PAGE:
Take a look at what others said about our first century in Cambridge! Explore features, announcements, and general coverage of the Institute's spring-long celebration right here.

Have something you'd like to contribute? Members of the MIT community are invited to submit stories to MIT News with the tag Century in Cambridge.

MIT Campus, Grand Building


From Wednesday, June 28

On June 24, Boston-area journalists, videographers, and producers filled the halls of the Marriott Boston Copley Place for the 40th annual New England Emmy Awards. Staff from MIT’s Department of Mechanical Engineering (MechE) and MIT Video Productions (MVP) occupied two full tables at the black-tie affair. By the end of the night, two golden statues joined them as both groups were awarded Emmys.

From Tuesday, May 30

MIT Video Productions (MVP), formerly known as Academic Media Production Services (AMPS), received its second New England Emmy Award nomination for its documentary, "A Bold Move," in the education/schools category. In 2014, MVP was nominated and won the award for its work in the category of arts and entertainment.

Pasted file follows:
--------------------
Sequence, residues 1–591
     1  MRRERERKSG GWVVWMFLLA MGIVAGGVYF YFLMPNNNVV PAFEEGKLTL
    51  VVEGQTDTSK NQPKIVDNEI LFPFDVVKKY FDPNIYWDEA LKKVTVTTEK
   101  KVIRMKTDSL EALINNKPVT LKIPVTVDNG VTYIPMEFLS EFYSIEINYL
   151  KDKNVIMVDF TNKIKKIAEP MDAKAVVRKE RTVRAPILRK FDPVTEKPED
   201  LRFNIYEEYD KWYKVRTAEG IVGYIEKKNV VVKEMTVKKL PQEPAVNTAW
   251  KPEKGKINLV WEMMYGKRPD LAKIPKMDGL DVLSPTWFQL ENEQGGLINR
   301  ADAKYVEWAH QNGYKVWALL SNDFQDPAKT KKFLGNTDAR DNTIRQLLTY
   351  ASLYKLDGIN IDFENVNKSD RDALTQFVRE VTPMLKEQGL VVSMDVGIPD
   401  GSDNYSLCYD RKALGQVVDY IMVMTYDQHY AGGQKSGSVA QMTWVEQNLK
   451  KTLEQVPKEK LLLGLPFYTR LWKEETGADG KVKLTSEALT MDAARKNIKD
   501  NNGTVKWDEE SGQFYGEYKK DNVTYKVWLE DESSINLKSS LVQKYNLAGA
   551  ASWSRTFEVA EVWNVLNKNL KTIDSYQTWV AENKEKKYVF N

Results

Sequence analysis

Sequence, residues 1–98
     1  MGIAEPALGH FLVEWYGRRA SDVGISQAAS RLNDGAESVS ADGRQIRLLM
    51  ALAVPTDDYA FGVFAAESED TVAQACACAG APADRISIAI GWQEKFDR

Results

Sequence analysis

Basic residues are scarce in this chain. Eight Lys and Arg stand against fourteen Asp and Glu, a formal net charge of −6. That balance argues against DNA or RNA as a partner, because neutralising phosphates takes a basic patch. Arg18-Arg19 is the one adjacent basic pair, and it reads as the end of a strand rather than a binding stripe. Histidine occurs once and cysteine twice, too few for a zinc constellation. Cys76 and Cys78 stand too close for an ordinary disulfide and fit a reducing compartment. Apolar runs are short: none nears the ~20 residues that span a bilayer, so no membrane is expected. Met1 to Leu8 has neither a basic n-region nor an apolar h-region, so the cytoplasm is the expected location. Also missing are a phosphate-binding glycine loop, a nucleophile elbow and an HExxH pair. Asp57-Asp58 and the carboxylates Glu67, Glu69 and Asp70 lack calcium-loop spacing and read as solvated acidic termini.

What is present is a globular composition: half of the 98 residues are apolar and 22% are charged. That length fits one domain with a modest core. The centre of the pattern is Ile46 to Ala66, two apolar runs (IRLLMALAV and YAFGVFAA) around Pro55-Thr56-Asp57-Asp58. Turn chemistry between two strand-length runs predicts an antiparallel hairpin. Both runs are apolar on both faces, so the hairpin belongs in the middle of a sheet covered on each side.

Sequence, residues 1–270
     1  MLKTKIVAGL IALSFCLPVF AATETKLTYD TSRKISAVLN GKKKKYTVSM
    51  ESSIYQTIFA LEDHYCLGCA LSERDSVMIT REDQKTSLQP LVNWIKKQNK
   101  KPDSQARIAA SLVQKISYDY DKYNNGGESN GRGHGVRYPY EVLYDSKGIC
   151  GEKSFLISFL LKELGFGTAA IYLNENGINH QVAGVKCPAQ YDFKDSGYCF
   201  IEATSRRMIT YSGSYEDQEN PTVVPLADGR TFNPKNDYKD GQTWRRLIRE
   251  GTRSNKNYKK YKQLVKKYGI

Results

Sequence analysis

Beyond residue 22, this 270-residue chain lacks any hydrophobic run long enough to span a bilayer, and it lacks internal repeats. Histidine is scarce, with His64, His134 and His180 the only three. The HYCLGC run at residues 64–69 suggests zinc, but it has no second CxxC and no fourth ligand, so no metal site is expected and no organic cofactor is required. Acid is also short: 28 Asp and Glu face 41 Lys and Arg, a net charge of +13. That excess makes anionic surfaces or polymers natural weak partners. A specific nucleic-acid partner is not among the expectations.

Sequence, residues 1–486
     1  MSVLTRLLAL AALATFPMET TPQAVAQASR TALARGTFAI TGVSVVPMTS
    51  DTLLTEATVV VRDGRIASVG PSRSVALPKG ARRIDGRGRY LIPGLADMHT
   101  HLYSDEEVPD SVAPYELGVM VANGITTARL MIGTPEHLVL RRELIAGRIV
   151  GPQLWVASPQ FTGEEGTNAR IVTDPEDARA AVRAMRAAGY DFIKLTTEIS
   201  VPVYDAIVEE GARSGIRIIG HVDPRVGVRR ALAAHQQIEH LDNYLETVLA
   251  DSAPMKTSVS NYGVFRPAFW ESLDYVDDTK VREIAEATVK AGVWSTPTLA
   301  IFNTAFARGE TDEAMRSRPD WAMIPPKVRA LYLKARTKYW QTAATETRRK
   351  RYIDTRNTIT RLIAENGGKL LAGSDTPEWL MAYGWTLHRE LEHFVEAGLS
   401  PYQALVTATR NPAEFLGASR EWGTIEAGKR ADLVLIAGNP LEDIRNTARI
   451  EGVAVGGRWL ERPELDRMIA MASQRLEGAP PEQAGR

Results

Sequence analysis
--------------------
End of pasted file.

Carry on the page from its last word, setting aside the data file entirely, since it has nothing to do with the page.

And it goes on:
From Slice of MIT Thursday, September 1

What happened when MIT decided to stage a pageant? Forget your memories of dowdy high school parades and off-tune solos—MIT re-conceived the notion of pageant. This spring, to celebrate a century in Cambridge, MIT marked the move from Boston with light, color, arts, and elements of MIT’s history.

From Thursday, June 30

When MIT moved its campus from a muddle of buildings in Boston’s Copley Square to its new waterfront location in Cambridge 100 years ago, it was an “impressive goodbye,” according to the Boston Daily Globe. MIT celebrated that first river crossing this spring with festivities including a community parade. This video profiles the creation of the 200-pound brain that won the parade competition.

From Tuesday, June 21

The Buoy Stone was built in celebration of MIT's 2016 campus centennial, marking 100 years since the Insitute moved across the Charles River from Boston to Cambridge. This megalith is the second in a series of projects by lecturer Brandon Clifford that investigates how knowledge from the past — particularly focusing on mass, weight, and gravity — can inform contemporary architectural practice.